BALTIMORE (JTA) – Howard Schoenfeld and his teenage daughter Zahava set out for a stroll along a Long Island beach in New York on a recent Sunday morning.

Zahava likes to collect shells, so after parking at Oak Beach, a popular spot for vintage-car enthusiasts, they walked along the inlet.

Eyes cast downward, they stumbled upon an unlikely find — a gravestone. It read:

Our beloved daughter
Hannah Schnur
Died Nov. 30, 1924
Age 27 Years

Above the English appeared eight lines in Hebrew, each of the first letters spelling out the deceased’s first and middle Jewish names, Hinda Rachel. The middle of the stone had her name and her father’s, Simcha Asher.

Neither Schoenfeld nor his daughter knew what to make of the sight. Why would a gravestone be lying in the water, nowhere near a cemetery?

Turns out the Schnur gravestone wasn’t the only one. Schoenfeld said an “uncountable” number of flat-lying gravestones combined to form the jetty they encountered that day. All but two – the other didn’t seem to be for a Jewish person – faced down, he said.

This gravestone found on a Long Island, N.Y., beach set off a search into how it reached there and who was Hannah Schnur, the name on the stone, July 2014. (Courtesy Howard Schoenfeld/JTA)

This gravestone found on a Long Island, N.Y., beach set off a search into how it reached there and who was Hannah Schnur, the name on the stone, July 2014. (Courtesy Howard Schoenfeld/JTA)

“They couldn’t have washed up somehow,” Schoenfeld said. “They had to have been put there.”

But by who, and why? And who was Hannah Schnur?

Schoenfeld, a computer salesman from nearby Queens, used his smartphone to record the water splashing onto the graves. He posted the video on the Facebook page of Dan’s Deals, a Web-based bazaar popular in the modern Orthodox community, and asked for assistance.

It drew the attention of JTA, which asked Rabbi Avidan Milevsky of Baltimore to read and decipher the elegy’s blurry Hebrew words. Milevsky said they came not from Scripture but apparently from a distraught father whose daughter led a hard life. It read:

Woe, treasured soul
Our forefathers will cry bitterly
Their crown has fallen
Knowledge she learned [unintelligible]
She chose the straight path
She endured many pains
She lived in pain and bitterness
In anguish she left her forefathers

A subsequent article in the New York Post newspaper didn’t mention the Schoenfelds or Schnur, but said the town of Babylon, where Oak Beach is located, had utilized gravestones to reconstruct a jetty damaged during Hurricane Gloria in 1985.

A town official said the granite stones were solicited from monument companies and cemeteries, which donated those containing misspellings or other flaws and apparently were going unused. The jetty’s gravestones were supposed to be placed face down, the article said.

Schoenfeld, meanwhile, also posted an appeal on FailedMessiah.com, another Jewish website. One reader wrote that he learned of Babylon’s using more than 800 gravestones for several jetties.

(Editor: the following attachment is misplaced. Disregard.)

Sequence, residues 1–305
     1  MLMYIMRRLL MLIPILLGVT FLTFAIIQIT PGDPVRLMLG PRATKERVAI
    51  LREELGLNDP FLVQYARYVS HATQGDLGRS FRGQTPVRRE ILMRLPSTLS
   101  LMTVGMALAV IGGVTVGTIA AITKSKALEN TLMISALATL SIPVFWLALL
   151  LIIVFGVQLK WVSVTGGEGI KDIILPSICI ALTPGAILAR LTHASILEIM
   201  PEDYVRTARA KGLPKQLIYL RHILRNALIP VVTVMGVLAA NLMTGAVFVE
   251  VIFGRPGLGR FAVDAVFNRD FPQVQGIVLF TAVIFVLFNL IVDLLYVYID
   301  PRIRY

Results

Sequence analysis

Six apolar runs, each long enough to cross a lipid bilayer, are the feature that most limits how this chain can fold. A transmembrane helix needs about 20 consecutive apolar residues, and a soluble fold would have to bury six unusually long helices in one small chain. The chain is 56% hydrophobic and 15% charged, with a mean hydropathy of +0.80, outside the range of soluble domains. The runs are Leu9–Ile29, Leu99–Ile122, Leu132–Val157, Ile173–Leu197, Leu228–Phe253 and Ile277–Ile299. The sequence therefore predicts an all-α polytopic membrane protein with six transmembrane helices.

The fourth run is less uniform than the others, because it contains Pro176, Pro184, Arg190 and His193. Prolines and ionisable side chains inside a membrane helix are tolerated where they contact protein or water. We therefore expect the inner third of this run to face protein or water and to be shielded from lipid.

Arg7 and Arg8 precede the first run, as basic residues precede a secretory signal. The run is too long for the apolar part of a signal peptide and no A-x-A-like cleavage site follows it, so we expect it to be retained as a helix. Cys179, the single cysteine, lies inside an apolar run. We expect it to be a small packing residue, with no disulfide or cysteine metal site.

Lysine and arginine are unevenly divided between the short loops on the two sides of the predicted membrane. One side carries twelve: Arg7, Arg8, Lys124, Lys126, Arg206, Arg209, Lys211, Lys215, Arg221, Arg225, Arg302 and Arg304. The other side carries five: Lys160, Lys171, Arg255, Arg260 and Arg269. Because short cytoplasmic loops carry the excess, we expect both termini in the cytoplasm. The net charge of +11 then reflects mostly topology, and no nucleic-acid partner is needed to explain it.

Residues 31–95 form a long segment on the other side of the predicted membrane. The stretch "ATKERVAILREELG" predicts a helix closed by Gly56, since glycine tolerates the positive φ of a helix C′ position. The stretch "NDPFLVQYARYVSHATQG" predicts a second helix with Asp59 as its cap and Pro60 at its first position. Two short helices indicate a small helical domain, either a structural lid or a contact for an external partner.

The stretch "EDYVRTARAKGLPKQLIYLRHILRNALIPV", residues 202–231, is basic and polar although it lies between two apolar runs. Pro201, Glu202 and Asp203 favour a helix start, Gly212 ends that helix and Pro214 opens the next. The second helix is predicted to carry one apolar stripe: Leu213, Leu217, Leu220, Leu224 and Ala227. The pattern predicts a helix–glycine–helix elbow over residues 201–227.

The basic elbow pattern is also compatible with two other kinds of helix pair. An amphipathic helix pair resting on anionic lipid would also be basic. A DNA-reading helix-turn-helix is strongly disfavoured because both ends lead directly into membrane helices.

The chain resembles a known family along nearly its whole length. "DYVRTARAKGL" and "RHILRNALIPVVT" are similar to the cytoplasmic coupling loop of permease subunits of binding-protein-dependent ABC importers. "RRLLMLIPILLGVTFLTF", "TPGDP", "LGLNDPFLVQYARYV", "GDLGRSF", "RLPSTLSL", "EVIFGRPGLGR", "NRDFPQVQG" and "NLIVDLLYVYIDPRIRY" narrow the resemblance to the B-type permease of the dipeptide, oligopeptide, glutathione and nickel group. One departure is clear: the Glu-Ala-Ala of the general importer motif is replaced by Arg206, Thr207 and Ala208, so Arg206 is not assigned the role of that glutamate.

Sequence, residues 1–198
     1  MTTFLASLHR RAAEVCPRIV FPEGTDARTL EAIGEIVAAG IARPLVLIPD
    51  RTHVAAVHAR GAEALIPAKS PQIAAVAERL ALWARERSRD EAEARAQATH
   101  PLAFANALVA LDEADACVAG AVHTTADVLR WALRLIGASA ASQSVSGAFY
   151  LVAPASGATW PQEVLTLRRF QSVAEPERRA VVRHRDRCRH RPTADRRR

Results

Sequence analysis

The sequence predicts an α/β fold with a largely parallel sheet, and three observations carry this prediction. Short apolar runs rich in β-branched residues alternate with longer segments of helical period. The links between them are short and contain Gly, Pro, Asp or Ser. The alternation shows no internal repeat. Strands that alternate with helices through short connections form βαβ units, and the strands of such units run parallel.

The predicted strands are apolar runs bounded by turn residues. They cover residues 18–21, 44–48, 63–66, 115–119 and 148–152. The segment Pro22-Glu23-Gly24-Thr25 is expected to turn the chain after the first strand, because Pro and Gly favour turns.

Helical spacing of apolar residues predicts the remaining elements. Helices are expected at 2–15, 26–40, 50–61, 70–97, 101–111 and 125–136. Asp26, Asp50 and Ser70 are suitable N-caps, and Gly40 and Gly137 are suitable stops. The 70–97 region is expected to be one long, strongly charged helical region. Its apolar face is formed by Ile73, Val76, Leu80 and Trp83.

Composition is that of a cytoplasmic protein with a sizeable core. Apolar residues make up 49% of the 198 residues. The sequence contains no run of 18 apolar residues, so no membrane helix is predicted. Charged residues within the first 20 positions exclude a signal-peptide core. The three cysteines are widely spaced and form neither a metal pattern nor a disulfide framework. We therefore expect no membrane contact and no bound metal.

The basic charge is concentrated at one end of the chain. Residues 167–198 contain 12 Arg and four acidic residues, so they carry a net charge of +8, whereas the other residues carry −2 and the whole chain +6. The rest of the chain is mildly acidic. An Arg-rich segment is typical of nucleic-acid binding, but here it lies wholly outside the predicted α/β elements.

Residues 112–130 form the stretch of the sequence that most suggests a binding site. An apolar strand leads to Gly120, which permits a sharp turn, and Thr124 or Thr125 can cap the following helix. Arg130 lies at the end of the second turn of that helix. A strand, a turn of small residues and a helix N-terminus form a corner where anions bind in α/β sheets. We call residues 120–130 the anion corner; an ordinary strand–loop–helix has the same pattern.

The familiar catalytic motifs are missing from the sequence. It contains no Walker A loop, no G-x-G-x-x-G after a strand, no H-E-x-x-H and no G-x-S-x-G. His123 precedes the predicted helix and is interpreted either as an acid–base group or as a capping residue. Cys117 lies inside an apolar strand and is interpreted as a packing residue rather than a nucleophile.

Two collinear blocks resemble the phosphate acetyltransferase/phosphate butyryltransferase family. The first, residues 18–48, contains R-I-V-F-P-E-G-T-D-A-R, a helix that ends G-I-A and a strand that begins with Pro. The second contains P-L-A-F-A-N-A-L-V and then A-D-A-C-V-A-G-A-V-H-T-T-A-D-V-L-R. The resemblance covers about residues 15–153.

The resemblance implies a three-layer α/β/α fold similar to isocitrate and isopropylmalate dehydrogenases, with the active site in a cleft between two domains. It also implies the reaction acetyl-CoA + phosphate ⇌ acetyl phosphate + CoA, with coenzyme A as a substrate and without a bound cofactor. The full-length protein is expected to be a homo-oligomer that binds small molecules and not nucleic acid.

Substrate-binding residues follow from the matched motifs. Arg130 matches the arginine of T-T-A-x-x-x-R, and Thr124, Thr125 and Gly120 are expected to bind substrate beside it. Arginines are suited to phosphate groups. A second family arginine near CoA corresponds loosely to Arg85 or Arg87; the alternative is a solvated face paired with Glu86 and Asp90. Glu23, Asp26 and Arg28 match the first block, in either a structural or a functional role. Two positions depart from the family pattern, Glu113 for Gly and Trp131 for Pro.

Another FailedMessiah reader found in researching Hannah Schnur that she was buried in Brooklyn’s Washington Cemetery. The reader, who logged in as Mee-Samcha?, said he visited the cemetery the morning of July 22, several days before the Post story, and went to the gravesite, confirming through the death date and the Hebrew names of the daughter and father chiseled on the stone that it was the same Hannah Schnur. The only discrepancy appeared to be in one letter of her Hebrew name.

The present-day marker covers Hannah and her mother, Ester, who apparently died in 1962

The present-day marker, the writer added, covers Hannah and her mother, Ester, who apparently died in 1962. Mee-Samcha? posited that “when Ester Schnur passed away, the existing (and in my opinion beautiful) stone was discarded and was replaced by a modern, simple joint stone.” Hannah’s sister Fannie, who died in 1967, is buried nearby. Her grave, too, states in Hebrew that she is the daughter of Simcha Asher, Mee-Samcha?wrote.

JTA called Washington Cemetery and learned from an employee that no one named Fannie Schnur or Ester Schnur is buried there. No next of kin for Hannah Schnur appears in the cemetery’s records, he said, but a woman named Bella Schnur was paying for annual care of the grave until about 25 years ago.

The employee added that he could not determine whether the same information applied to Fannie without knowing the surname.

As to the original gravestone’s ending up at Oak Beach? The man didn’t know, but indicated that the cemetery today would not be involved.

“If there’s an error on the stone, the family would have to deal with the monument company,” the employee said. “We’re not allowed to touch the stones.”

Pat Vassilaros, a Pennsylvanian who has assisted JTA on several searches, verified through U.S. and New York City census records that all were members of the same family.

In 1920 Hannah Schnur worked as a bookkeeper for an importer

In 1920, she said, Hannah Schnur worked as a bookkeeper for an importer. Her father, Samuel, owned a dance hall; he and his wife, Ester, were immigrants from Galicia. The family lived at 90 Columbia St. on Manhattan’s Lower East Side. Hannah was the second of six children living there, with sisters Sadie, Annie, Bella and Fannie along with brother Jacob.

By the 1940 census, Vassilaros said, Samuel was dead and Ester, Annie, Bella and Fannie were living on West 173rd Street in the Washington Heights neighborhood.

Schoenfeld said he feared that the gravestone found at the water’s edge may have been desecrating the person’s memory — a similar feeling that had struck him two years ago in Barcelona when he saw a Jewish gravestone embedded in a brick wall.

If Schnur kin come forward, “I’d tell them I saw [the gravestone is] there,” Schoenfeld said.

“What else is there to tell them? They’d have to decide what to do with it.”